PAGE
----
Monday, June 09, 2008

10 Ways to Bring the Sacred into Everyday Life

When I first begin work with my coaching clients, they are invited to assess the various areas of their life. One of these areas is ‘spiritual’ and so many people ask me what I mean by this (and subsequently find it is a missing, yet very much needed, part of their lives). I’m also often asked for coaching around the subject of work-life balance. So when I read the following article – which combines sound advice for improving work-life balance with ways of bringing some spiritual practices into our lives (and explaining what these are along the way) I knew I had to share this article!

My thanks to the author, Rabbi Kula, for his kind permission in allowing me to reprint this article.

10 Ways to Bring the Sacred into Everyday Life

Do you feel like you barely have time to breathe? Ever seem like you never really manage to unwind? Many of us are "plugged in" 24/7, leaving little energy to enjoy our lives. We tend to leave the sacred for the Sabbath and focus most of our attention on work. It's time to stop compartmentalizing and begin infusing our everyday lives with the sacred. Here, Rabbi Irwin Kula, president of The National Jewish Center for Learning, offers 10 easy ways to help you enjoy your life more fully.

1. Leave Work Earlier Than Usual

There is always one more phone call or one more email. Consciously stopping early once a week (at least one half-hour) affirms that we do not just live to work, but work as part of living.

2. Let Go of the Work Week

Cease doing and worrying about the work of the week. Practice gently letting go of thoughts and concerns about work that inevitably pop into mind and take over. Eventually these thoughts soften and recede. Sometimes I take a more scenic route home to help clear my mind.

3. Turn It Off

Set aside your BlackBerry, turn off your computer, set your cell phone to silent, at least as it relates to work. See how your consciousness shifts and how it doesn't. If you feel incredibly uneasy and even destabilized, you are being invited to discern new ways of taking control of your life.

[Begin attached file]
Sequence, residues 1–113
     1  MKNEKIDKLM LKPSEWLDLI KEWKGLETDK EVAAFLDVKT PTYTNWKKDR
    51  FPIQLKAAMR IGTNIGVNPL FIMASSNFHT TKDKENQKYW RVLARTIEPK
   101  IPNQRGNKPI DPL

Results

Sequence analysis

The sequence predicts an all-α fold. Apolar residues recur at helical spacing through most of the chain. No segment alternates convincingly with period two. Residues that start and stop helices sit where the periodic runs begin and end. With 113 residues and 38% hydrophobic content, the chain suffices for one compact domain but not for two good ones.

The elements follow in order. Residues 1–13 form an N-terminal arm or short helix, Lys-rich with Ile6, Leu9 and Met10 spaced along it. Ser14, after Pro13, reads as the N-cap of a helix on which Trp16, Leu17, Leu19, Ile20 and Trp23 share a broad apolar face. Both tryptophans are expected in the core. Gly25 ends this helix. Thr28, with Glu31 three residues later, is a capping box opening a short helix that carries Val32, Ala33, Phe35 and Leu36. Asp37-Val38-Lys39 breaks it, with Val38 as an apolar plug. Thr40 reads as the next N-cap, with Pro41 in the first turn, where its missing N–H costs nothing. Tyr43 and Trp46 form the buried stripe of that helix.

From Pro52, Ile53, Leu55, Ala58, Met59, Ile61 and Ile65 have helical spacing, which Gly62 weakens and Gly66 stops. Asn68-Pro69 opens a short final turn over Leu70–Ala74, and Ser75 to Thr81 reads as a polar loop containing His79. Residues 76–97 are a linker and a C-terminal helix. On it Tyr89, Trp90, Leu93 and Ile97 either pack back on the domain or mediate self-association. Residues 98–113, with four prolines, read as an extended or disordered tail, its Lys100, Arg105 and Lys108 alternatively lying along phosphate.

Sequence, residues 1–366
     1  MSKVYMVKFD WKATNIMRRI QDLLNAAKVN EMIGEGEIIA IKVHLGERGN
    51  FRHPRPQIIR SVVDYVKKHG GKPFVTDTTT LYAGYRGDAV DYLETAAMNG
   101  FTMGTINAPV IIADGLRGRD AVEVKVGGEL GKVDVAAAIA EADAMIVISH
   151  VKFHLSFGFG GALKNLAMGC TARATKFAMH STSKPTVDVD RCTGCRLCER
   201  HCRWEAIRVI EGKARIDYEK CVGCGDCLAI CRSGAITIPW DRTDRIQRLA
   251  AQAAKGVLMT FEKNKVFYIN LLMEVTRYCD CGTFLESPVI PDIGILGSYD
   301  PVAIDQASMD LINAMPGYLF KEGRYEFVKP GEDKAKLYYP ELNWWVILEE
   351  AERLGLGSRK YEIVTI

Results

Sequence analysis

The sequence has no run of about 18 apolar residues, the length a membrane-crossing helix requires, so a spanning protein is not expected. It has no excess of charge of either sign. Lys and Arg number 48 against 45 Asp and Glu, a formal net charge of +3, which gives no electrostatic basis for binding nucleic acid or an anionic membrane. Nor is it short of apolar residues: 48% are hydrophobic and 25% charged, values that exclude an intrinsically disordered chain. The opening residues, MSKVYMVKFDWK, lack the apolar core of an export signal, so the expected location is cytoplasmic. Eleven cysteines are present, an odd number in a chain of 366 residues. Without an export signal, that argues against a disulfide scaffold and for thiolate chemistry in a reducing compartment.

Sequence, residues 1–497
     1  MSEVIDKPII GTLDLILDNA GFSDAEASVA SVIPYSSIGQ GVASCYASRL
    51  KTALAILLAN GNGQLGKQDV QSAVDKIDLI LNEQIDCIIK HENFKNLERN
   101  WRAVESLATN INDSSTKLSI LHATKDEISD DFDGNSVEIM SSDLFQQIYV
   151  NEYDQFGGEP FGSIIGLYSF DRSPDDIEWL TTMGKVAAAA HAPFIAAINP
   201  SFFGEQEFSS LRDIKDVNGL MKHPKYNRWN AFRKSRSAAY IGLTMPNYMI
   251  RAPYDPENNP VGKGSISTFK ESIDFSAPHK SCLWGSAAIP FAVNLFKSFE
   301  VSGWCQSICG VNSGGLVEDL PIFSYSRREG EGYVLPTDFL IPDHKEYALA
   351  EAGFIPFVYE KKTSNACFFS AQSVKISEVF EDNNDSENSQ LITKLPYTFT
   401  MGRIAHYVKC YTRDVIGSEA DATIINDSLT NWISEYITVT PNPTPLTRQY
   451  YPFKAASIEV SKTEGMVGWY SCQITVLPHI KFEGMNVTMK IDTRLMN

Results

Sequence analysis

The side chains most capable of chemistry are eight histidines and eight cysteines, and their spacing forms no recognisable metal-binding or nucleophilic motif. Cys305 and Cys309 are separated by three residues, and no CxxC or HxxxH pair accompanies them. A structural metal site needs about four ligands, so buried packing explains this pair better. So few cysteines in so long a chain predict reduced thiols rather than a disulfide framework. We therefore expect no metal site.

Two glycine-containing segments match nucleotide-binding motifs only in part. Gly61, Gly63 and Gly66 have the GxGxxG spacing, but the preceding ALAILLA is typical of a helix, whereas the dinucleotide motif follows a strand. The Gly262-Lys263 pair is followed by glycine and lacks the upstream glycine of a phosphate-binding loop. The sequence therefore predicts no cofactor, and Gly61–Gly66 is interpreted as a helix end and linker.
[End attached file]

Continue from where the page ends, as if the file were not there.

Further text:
4. Eat a Special Meal with Family or Friends

Taking time to reconnect to those we love expands our sense of who we are. Savoring our food (a new recipe once a week adds adventure) deepens our connection to the material world; candlelight invites us to bring forth more light from within and see beyond the surface.

5. Make Love with Intention

Take pleasure in the sensual part of life. Set aside a time to engage in some activity that creates greater intimacy with someone you love.

6. Give a Blessing to a Child in Your Life

Remember what it was like to feel genuinely blessed by an adult in your life. In a world in which children are so vulnerable, an adult's blessing is transformative and life-affirming.

7. Experience the Beauty of Nature

Take a walk or a bike ride; go for a drive or a hike. Experiencing the awe and wonder and amazement of the natural world creates a reverence for life--and gives the enlivening and ethical sense that we are each an interconnected part of such an infinite cosmos.

8. Engage in a Contemplative Practice

Find a contemplative, reflective, or centering practice that you can do regularly. This can take the form of reading from a wisdom text, listening to music that touches your soul, looking at art that engages the heart, or engaging in more traditional prayer or meditation. Try not to listen to the news.

9. Laugh

Laughter is a signal of transcendence. It reminds us that no matter what is happening in our lives, this too shall pass; it helps us to hold our absolutes humbly and keeps us from taking ourselves too seriously--all qualities that insure we can deal with whatever life throws at us.

10. Express Gratitude

Find five things for which to be grateful over the past week. Consciousness is like tofu. Its taste completely depends on what it is marinated in. When we "marinate" our consciousness in gratitude, we become more grateful people.

Bonus Practice: Take a NapSleep restores the body, refreshes the spirit, and is the place of dreams.

About the author: Rabbi Irwin Kula is the president of CLAL-The National Jewish Center for Learning and Leadership (see and is the author of "Yearnings: Embracing the Sacred Messiness of Life" (Hyperion, 2006).